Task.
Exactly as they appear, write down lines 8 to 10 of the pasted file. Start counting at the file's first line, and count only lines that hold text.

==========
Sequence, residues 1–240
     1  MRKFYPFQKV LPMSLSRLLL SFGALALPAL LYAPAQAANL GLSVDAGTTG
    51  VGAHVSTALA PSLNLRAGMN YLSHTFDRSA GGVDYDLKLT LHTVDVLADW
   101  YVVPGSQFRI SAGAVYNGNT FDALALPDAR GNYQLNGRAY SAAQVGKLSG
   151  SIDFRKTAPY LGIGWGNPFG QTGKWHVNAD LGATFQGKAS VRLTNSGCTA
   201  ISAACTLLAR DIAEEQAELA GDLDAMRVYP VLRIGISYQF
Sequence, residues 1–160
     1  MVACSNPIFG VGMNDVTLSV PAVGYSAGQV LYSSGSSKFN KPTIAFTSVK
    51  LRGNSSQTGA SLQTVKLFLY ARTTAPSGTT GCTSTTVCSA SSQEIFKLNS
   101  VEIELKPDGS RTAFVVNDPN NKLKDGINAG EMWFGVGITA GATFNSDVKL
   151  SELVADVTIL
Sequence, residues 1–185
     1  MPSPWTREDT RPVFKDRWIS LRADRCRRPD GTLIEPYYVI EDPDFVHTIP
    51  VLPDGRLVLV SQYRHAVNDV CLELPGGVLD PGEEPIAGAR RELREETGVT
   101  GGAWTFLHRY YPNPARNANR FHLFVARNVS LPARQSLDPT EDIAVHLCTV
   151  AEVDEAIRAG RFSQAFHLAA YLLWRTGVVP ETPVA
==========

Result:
     1  MVACSNPIFG VGMNDVTLSV PAVGYSAGQV LYSSGSSKFN KPTIAFTSVK
    51  LRGNSSQTGA SLQTVKLFLY ARTTAPSGTT GCTSTTVCSA SSQEIFKLNS
   101  VEIELKPDGS RTAFVVNDPN NKLKDGINAG EMWFGVGITA GATFNSDVKL